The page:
TextMate grammars are a very popular format to process (tokenize) code files. They can be used in order to provide some basic edition features (such as checking conformance to grammar and report error, get some basic code completion according to grammar, but there are mostly known for being a very powerful way to implement syntax highlighting on code files.
TextMate grammars already exists for almost all programming languages, and many tools simply reuse them to provide very rich syntax highlighting.
The scope of the Eclipse TM4E project is to provide a TextMate grammar processor as a Java API, and to leverage this API in the Eclipse IDE to provide syntax highlighting in Eclipse IDE editors simply by referencing a TextMate grammar.
The project distributes a “gallery” of TextMate grammars as plugins available for easy installation and consumption into Eclipse IDE.
The project doesn’t aim at hosting directly the development of TextMate grammars. Those TextMate grammars are so far considered to be external artifacts, that the project might repackage.
The project includes the necessary code to easily set up syntax highlighting for a wide diversity of languages in the Eclipse IDE, but reusing TextMate grammars.
The default integration is to provide features into the Platform's Generic and Extensible editor, but some code may be used as API to let integration be done with other Eclipse-based editors.
A piece of the project would be a plain Java (non Eclipse IDE specific) API to easily manipulate TextMate grammars. This API will be used by the Eclipse IDE integration, but might be useful in some other plain Java use-cases. Hence, although it’s not the main goal, some care will be taken in order to keep this part independent of Eclipse IDE and working in a Java environment.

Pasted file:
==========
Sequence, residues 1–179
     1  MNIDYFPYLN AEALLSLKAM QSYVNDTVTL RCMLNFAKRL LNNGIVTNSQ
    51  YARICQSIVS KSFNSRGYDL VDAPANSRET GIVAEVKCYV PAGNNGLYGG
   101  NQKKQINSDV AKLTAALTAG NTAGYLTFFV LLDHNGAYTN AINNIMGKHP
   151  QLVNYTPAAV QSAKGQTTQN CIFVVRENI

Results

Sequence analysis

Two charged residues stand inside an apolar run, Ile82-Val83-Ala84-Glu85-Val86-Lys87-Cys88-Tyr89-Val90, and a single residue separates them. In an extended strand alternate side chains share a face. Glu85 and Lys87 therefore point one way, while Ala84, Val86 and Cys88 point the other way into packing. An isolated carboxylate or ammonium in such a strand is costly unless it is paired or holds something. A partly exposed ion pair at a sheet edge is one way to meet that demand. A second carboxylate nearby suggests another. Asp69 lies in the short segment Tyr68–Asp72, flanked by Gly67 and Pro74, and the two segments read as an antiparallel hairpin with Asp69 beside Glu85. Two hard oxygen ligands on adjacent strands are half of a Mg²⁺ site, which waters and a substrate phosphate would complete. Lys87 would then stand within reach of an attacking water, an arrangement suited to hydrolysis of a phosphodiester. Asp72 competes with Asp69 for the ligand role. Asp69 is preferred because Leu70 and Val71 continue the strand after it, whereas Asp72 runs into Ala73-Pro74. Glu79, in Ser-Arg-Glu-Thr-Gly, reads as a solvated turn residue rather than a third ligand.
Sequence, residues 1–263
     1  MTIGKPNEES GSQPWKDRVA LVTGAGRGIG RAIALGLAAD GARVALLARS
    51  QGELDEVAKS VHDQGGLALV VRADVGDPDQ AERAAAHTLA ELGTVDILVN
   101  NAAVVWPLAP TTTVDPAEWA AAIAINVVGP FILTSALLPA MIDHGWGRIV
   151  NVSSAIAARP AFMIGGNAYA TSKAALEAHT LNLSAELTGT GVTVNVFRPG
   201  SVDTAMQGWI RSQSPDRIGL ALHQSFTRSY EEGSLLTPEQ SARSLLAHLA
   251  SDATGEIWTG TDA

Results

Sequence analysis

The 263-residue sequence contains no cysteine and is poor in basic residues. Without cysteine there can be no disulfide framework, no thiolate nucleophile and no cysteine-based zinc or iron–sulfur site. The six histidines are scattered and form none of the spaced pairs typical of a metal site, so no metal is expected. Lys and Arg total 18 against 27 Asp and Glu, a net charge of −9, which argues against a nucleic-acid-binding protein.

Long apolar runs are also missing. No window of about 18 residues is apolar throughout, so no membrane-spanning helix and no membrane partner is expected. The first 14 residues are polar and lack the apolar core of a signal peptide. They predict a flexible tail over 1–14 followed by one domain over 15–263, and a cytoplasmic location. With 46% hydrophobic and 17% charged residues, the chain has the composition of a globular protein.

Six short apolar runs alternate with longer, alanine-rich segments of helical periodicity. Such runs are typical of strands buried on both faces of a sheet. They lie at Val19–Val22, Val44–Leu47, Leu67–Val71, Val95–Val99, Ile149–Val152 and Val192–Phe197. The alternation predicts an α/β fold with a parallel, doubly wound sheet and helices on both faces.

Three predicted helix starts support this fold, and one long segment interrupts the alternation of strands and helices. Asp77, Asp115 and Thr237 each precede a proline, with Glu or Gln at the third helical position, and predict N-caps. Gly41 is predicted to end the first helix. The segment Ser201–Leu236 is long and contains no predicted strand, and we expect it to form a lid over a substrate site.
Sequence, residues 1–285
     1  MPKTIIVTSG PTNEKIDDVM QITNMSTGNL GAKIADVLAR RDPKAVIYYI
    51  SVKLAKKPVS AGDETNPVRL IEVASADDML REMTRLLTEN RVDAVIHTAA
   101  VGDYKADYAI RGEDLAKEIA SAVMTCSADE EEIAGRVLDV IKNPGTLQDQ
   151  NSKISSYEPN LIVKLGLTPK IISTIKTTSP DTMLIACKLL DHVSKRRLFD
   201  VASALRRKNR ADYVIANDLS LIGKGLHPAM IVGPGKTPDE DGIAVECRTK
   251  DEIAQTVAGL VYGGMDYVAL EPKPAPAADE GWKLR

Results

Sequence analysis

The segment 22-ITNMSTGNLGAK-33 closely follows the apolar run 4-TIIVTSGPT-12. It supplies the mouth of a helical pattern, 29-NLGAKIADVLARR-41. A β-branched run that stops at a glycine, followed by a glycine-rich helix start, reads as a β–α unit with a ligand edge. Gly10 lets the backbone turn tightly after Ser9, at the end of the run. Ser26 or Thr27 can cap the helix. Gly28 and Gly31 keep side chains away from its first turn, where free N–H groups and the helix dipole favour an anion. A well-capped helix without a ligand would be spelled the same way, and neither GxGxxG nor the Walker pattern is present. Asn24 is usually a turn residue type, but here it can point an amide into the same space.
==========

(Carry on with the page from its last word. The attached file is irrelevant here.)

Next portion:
This project targets mostly the Eclipse IDE. It is likely to provide a lot of value to easily add support for new languages into the Eclipse IDE. The Eclipse IDE -extenders and users- can take a big advantage of such integration.
On the other hand, the project would benefit from being inside the Eclipse.org community by attracting more experienced Eclipse developers who're already contributing to some related projects.
The project code currently depends on 2 libraries that will need CQs:
A part of the code has been written as a “transcription” of some code present in VSCode (copyrighted by Microsoft Corporation, licensed under MIT license) from TypeScript to Java. Such pieces of code are clearly identified in their copyright header.
To bootstrap good practices, the project will attempt a first incubation release as soon as it is provisioned at Eclipse.org and the CQs for the dependencies are approved.
Then the target is to have multiple incubation releases, about once a month if there have been changes, to include improvements, bugfixes and new features.
Then, if some other Eclipse IDE projects need it and if the quality is sufficient, the Eclipse TextMate project would be released as 1.0.0 as part of the Oxygen release train. If no other project do require a release of Eclipse TextMate, the development will continue as incubating, until some other project states graduating to 1.0.0 would be helpful.
The following possible areas of work are identified:
- Continuous optimization: As the syntax highlighting is a recurring operations and as user expect very fast reactivity, optimization of the code will be a continuous concern and effort for the project
- Registry of grammars: both extenders and users need to be offered a way to register a new TextMate grammar in the Eclipse IDE to immediately take advantage of it. This will require addition of some extension points and preferences.